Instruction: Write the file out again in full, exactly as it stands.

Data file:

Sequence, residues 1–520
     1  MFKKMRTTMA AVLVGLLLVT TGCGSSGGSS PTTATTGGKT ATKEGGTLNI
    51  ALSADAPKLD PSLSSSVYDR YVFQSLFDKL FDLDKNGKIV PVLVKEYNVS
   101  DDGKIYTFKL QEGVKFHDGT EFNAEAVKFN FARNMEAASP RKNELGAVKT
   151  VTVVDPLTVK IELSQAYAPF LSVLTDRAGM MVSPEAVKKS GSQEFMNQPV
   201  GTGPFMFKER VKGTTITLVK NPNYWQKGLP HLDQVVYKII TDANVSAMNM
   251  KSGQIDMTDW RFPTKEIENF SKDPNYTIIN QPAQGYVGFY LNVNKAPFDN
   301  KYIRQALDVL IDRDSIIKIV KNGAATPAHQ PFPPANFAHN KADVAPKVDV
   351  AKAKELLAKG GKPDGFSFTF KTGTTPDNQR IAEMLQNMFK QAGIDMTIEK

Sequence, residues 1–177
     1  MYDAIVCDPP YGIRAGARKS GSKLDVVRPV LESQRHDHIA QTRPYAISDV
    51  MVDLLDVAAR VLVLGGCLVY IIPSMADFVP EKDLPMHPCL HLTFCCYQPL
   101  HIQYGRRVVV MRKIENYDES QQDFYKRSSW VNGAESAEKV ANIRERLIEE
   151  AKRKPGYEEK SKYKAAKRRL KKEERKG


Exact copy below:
Sequence, residues 1–520
     1  MFKKMRTTMA AVLVGLLLVT TGCGSSGGSS PTTATTGGKT ATKEGGTLNI
    51  ALSADAPKLD PSLSSSVYDR YVFQSLFDKL FDLDKNGKIV PVLVKEYNVS
   101  DDGKIYTFKL QEGVKFHDGT EFNAEAVKFN FARNMEAASP RKNELGAVKT
   151  VTVVDPLTVK IELSQAYAPF LSVLTDRAGM MVSPEAVKKS GSQEFMNQPV
   201  GTGPFMFKER VKGTTITLVK NPNYWQKGLP HLDQVVYKII TDANVSAMNM
   251  KSGQIDMTDW RFPTKEIENF SKDPNYTIIN QPAQGYVGFY LNVNKAPFDN
   301  KYIRQALDVL IDRDSIIKIV KNGAATPAHQ PFPPANFAHN KADVAPKVDV
   351  AKAKELLAKG GKPDGFSFTF KTGTTPDNQR IAEMLQNMFK QAGIDMTIEK

Sequence, residues 1–177
     1  MYDAIVCDPP YGIRAGARKS GSKLDVVRPV LESQRHDHIA QTRPYAISDV
    51  MVDLLDVAAR VLVLGGCLVY IIPSMADFVP EKDLPMHPCL HLTFCCYQPL
   101  HIQYGRRVVV MRKIENYDES QQDFYKRSSW VNGAESAEKV ANIRERLIEE
   151  AKRKPGYEEK SKYKAAKRRL KKEERKG